Almost 12 o’clock and we were driving the cutline from the Central Kalahari Game Reserve (CKGR). We found a new route to get there from Maun, that was supposed to be faster then the ‘normal’ one and since we’re adventurous (Jens would definitely disagree on this one!) we went for it! We agreed to meet a friend at the entrance since we were about to stay there together for 9 days.
It had rained a lot lately in Botswana. The Delta was flooded, the road to Nata was not drivable anymore and there were different versions when it came to the state of the road in CKGR. Turned out there was nothing to worry about and the road was… well as good as it gets over there. That means quite bumpy and sandy. After a bit more than one hour we arrived at our campsite. We set up camp, which goes quite quick for us, but our friend Frank had more trouble with it since he’s used to a stationary camp. This time however, we wouldn’t stay longer than two nights at the same camp spot. I must admit it was a little bit funny seeing him unpack a huge fridge and basically create a little kitchen in the middle of the bush. Impressive though!
Our first afternoon game drive was quite interesting. We saw a group of giraffes, lots of oryx and on our way back to camp we came across two little jackals who were not intimidated at all and just walked next to the car, playing around and even sat down next to us. So cute! And right before sunset we even spotted a group of lions, although it wasn’t that hard to spot since there were two other cars standing next to them on the road…
The next day we were less lucky, but we did have an amazing breakfast what made Jens decide to go for a little nap. On the table. Meanwhile I was trying to take some pictures of a squirrel who was clearly used to humans, the little creature walked straight up to me (yay, great pics!) and then bit me in the tow! Can you believe it? Luckily it wasn’t hard at all, I think he was either hungry or up for some playing. Either way, I decided to ignore him for a while and simply read a book although I kept a close eye on him.
After two days Frank got some trouble with the spare wheel under his car, on the way to the next campsite, so we had to take it off. The tire tracks of the road were quite deep, so the tire was dragging to the ground. After that we played around a bit with the walkie talkies, although there wasn’t much to report. We made each other believe there was though. They sadly just missed it! Always fun! In the late afternoon we got lucky again, because we spotted three cheetahs. They were quite far away and a bit skittish, but still, cheetahs are never a bad find, right?
The next morning we tracked them down (well that sounds more professional then it was, but not a lie, we truly did!) and stayed with them for a while. It turned out to be a mom and her two cubs. The cubs were already quite big because the day before we thought there were three adults. The advantage of going around (and not stay in one place) in CKGR is that you’re more likely to be on your own which is always great. We were able to follow them for a while and even saw a hunting training and one of the cubs tried to climb a little tree to get a big bird who was peacefully sitting there. The bird flew away quite displeased, so no luck for the cheetah obviously. By the way, this park is a great place if you like birds. There are so many different species and a secretary bird or a big cory bustard become part of the background really fast.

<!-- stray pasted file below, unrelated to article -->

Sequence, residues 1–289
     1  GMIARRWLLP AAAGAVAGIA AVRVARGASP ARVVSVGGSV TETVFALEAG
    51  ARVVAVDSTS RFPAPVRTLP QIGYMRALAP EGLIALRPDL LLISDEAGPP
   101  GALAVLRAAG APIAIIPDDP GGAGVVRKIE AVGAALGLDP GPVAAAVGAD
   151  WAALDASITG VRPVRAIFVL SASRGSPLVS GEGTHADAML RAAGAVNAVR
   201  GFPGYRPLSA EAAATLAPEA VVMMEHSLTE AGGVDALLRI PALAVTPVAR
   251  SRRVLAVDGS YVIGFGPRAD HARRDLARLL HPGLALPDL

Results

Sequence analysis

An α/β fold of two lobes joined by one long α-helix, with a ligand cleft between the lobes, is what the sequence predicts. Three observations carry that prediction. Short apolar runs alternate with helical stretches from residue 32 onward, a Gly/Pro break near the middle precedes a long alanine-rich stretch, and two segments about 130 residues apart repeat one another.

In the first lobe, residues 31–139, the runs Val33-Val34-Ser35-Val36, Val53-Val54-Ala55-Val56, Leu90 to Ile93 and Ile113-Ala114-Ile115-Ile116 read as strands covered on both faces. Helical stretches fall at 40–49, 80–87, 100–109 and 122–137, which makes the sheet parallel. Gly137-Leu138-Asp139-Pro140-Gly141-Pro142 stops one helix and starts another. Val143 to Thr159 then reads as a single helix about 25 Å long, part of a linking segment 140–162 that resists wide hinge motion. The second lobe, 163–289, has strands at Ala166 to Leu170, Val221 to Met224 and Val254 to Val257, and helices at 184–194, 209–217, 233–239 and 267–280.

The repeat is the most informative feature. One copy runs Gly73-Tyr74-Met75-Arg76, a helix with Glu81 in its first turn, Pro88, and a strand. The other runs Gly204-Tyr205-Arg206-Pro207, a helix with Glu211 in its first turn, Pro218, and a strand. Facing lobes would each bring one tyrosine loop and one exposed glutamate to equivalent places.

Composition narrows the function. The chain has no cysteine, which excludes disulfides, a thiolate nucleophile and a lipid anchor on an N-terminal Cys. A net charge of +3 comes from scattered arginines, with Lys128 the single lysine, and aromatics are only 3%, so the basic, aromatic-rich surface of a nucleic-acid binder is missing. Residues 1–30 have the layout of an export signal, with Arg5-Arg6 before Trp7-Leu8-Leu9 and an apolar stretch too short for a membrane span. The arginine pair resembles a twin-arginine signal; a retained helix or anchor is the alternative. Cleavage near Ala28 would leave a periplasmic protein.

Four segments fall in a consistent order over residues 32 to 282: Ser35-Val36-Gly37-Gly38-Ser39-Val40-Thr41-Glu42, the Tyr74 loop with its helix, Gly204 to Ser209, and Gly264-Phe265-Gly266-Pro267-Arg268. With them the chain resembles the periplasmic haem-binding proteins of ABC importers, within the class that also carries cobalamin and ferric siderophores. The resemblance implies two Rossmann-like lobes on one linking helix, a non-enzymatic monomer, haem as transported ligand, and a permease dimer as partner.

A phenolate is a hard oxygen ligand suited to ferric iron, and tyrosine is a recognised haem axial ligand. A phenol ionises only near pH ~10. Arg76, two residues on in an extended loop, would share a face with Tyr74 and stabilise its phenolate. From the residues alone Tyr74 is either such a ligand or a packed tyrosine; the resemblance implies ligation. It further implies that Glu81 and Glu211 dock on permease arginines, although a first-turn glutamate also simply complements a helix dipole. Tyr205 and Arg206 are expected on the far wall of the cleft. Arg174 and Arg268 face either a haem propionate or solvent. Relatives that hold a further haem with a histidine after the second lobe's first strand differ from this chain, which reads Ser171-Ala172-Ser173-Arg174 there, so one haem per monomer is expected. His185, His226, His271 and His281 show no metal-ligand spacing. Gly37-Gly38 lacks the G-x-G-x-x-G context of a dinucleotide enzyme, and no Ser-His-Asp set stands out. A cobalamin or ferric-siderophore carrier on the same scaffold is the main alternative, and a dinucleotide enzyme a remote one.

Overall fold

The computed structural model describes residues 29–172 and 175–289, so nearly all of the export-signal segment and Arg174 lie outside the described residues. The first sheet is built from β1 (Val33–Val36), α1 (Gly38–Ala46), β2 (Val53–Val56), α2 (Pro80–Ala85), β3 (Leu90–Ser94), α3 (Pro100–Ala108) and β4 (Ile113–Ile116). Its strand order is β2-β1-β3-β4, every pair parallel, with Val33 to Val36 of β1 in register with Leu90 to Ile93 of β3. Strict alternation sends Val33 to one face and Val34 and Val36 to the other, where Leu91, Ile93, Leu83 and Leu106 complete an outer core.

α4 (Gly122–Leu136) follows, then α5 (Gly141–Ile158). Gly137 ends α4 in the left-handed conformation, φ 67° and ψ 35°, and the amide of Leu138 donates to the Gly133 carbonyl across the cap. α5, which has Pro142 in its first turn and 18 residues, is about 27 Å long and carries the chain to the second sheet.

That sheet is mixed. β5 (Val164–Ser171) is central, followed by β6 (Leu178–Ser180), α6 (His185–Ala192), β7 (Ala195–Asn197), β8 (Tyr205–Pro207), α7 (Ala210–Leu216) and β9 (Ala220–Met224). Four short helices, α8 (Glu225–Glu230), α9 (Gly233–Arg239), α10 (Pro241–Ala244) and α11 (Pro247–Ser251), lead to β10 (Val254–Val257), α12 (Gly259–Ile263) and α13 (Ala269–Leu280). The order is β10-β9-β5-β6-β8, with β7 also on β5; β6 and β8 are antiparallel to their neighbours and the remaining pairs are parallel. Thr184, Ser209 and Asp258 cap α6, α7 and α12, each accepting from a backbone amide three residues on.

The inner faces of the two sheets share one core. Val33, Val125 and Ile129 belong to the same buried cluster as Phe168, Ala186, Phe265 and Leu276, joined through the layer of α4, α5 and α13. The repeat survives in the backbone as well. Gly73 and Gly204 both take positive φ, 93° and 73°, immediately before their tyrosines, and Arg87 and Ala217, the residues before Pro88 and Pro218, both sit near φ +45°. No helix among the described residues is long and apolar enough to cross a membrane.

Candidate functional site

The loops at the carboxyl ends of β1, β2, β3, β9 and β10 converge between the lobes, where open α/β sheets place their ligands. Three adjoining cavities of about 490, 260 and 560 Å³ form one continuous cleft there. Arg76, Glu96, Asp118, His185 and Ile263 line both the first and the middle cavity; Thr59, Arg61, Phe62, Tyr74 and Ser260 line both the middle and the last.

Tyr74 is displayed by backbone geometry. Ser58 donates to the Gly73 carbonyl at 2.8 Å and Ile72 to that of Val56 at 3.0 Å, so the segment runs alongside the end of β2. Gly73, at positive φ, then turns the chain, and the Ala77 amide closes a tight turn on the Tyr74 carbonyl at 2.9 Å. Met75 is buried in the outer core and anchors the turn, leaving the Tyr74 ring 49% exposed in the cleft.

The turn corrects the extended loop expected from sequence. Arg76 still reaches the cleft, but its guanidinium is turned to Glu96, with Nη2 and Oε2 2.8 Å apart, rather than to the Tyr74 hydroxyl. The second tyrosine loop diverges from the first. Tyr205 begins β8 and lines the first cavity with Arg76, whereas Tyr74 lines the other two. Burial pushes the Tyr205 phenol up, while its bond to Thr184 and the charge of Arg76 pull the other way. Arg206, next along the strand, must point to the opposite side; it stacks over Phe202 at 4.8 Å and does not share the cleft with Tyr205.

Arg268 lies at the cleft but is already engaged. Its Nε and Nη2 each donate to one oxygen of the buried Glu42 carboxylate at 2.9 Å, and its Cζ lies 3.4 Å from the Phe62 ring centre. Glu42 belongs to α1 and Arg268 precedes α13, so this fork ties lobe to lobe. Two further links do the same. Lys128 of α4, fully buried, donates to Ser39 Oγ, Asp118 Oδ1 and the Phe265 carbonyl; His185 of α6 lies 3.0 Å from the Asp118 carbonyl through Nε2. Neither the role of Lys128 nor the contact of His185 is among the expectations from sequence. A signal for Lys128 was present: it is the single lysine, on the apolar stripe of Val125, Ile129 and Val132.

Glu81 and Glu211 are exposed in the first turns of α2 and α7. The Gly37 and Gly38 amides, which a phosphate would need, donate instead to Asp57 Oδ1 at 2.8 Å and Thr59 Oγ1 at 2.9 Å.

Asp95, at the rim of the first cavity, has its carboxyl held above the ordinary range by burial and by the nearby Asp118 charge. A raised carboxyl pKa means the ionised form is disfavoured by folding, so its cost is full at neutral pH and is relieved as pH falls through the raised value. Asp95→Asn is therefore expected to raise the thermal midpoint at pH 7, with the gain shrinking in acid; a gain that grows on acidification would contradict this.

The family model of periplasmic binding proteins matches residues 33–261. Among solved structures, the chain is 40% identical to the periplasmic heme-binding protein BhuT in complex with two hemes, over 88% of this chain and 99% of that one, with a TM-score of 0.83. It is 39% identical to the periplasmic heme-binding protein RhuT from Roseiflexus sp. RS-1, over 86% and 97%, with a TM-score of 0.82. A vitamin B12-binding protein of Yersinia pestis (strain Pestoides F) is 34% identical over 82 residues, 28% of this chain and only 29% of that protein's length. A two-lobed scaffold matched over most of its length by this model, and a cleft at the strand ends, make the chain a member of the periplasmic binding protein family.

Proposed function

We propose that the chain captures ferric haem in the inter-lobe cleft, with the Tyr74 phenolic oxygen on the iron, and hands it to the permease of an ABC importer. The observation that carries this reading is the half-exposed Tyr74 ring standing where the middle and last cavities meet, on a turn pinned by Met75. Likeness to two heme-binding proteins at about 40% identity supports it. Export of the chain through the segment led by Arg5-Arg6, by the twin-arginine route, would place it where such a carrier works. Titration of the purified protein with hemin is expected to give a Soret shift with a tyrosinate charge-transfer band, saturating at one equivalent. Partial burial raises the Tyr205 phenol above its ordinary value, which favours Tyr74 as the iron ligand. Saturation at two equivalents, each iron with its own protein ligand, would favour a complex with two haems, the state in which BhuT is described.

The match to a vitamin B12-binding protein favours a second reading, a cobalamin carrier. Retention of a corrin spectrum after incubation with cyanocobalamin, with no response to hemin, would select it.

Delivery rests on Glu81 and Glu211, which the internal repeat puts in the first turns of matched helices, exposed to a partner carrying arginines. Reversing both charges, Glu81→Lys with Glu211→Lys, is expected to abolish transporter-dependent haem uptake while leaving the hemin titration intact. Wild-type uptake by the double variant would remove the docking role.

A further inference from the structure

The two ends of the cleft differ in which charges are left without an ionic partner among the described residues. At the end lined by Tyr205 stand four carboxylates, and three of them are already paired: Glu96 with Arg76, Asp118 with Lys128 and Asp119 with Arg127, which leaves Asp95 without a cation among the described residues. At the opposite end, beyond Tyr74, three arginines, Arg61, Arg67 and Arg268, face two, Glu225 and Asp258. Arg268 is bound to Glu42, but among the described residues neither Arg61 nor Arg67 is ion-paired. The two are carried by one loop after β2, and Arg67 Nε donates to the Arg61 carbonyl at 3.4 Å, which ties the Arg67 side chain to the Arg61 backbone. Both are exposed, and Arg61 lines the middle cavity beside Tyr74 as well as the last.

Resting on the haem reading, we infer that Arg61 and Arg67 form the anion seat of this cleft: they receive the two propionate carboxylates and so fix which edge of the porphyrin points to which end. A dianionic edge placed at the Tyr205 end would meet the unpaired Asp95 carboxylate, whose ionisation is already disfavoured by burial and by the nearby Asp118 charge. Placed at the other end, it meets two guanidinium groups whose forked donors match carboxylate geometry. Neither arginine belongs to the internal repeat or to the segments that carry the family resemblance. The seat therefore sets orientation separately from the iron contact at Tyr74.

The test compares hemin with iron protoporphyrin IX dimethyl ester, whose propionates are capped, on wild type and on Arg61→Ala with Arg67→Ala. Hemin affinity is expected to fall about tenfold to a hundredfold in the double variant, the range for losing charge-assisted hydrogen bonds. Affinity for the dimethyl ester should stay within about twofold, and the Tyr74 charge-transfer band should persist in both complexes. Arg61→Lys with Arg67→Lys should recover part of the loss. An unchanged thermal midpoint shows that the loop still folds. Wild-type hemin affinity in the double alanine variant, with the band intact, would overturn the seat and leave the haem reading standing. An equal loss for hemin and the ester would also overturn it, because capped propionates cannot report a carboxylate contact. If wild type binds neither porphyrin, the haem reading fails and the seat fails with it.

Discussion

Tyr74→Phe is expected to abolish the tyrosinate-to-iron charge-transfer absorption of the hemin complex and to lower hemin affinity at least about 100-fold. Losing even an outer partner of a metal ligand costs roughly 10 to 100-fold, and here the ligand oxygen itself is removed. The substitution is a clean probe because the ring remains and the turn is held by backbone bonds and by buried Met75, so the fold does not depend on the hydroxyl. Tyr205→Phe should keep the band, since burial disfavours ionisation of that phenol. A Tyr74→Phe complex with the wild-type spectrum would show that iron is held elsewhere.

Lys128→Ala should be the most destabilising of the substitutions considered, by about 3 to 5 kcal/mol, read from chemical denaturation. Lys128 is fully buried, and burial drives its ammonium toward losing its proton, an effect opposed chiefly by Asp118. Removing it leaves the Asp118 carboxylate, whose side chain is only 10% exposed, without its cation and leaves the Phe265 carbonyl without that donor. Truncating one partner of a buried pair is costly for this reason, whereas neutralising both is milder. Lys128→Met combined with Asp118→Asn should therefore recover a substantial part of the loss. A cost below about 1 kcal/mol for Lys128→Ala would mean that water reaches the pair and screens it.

Anyway, we continued our loop around and after one more stop we arrived at what would soon become our favorite part of the park: Piper Pan. It’s not too big and there’s always something to see. Or maybe we were simply lucky! And although the sunsets in Africa are always beautiful, they seemed to be even a little prettier over here.
The first morning we found three lions walking. One gorgeous male lion with the typical black Kalahari manes and two strong, graceful females. They laid down on the road and next to us, which gave us amazing photographic opportunities. It was early morning, so the light was great. We stayed with them the entire morning and when we came back in the afternoon they were still there, although they went for some shade. More difficult to see, since they laid down under a bush and we almost missed them!
The next morning we noticed there was a lot going on on one of the pans and when we approached, it turned out two cheetahs had made a kill and a bunch of jackals were fighting over the remains. Lots of crows hoped to steal a little bite as well.
On went the trip and we continued our loop to the next campsite that turned out to be a bit of a disappointment. First of all there wasn’t much to see, but there wasn’t ablution either (mostly a bummer for me to be honest) and no shade at all. So we decided to have our afternoon nap somewhere else in the shadow and in our hammock. On our afternoon drive, Frank scared the hell out of a lion who was laying right next to the road. When he passed another car that was standing still (of course because there were lions!), the lion jumped up out of the high grass (you really couldn’t see him I must admit). Eventually he went back to nap-mode two meters further away from the car. Funny sighting though!
Our loop ended were we started (or at least quite close) and we even finished with seeing the same big group of giraffes and some lionesses as we did in the beginning. On our last evening we were sitting down right after sunset. I was cutting some vegetables and all of a sudden the whole table and the floor started to tremble and shake. First I thought I had one savannah too many, but it turned out to be a major earthquake! Afterwards we learned we weren’t that far away from the epicentrum. It was quite amazing to feel the ground shaking like that, see all the trees shiver and the birds woke up and slightly panicked. It was a very special end to nine lovely days. Kalahari we’ll be back!